Using high hydraulic conductivity nodes to simulate seepage lakes
In a typical ground water flow model, lakes are represented by specified head nodes requiring that lake levels be known a priori. To remove this limitation, previous researchers assigned high hydraulic conductivity (K) values to nodes that represent a lake, under the assumption that the simulated head at the nodes in the high-K zone accurately reflects lake level. The solution should also produce a constant water level across the lake. We developed a model of a simple hypothetical ground water/lake system to test whether solutions using high-K lake nodes are sensitive to the value of K selected to represent the lake. Results show that the larger the contrast between the K of the aquifer and the K of the lake nodes, the smaller the error tolerance required for the solution to converge. For our test problem, a contrast of three orders of magnitude produced a head difference across the lake of 0.005 m under a regional gradient of the order of 10−3 m/m, while a contrast of four orders of magnitude produced a head difference of 0.001 m. The high-K method was then used to simulate lake levels in Pretty Lake, Wisconsin. Results for both the hypothetical system and the application to Pretty Lake compared favorably with results using a lake package developed for MODFLOW (Merritt and Konikow 2000). While our results demonstrate that the high-K method accurately simulates lake levels, this method has more cumbersome postprocessing and longer run times than the same problem simulated using the lake package.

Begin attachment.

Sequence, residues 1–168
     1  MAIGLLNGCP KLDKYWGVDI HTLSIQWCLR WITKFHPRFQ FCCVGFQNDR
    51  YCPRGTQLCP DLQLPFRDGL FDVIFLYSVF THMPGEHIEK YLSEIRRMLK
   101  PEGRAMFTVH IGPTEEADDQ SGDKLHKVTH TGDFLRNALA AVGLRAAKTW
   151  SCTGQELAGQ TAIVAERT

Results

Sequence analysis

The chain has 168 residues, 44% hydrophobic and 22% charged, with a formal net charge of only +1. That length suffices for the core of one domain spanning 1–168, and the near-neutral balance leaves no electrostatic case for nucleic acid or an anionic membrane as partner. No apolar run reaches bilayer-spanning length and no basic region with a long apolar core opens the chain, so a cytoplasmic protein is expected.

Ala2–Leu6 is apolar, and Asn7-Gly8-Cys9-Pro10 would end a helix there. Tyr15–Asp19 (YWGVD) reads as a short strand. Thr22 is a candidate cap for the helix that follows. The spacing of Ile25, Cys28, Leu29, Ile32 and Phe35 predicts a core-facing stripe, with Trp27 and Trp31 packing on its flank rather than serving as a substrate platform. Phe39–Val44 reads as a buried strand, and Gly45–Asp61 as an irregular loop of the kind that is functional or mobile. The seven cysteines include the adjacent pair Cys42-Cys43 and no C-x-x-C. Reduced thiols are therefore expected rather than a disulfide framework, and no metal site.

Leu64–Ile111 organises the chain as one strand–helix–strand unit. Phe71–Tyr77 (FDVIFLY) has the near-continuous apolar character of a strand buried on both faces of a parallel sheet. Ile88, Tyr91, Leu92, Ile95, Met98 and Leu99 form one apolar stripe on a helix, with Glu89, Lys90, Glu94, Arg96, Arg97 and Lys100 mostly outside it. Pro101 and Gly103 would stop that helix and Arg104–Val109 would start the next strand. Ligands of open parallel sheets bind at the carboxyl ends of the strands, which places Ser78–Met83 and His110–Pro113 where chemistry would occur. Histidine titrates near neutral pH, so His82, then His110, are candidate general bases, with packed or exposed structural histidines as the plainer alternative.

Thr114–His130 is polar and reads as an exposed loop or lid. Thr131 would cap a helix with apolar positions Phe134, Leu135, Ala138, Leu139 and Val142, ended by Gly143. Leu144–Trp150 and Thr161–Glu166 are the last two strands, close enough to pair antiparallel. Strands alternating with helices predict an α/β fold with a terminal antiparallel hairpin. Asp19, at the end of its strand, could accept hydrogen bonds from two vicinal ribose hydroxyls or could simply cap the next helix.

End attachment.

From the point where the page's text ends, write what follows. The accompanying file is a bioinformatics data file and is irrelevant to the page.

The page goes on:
|Publication Subtype||Journal Article|
|Title||Using high hydraulic conductivity nodes to simulate seepage lakes|
|Publisher||National Ground Water Association|
|Online Only (Y/N)||N|
|Additional Online Files (Y/N)||N|
|Google Analytic Metrics||Metrics page|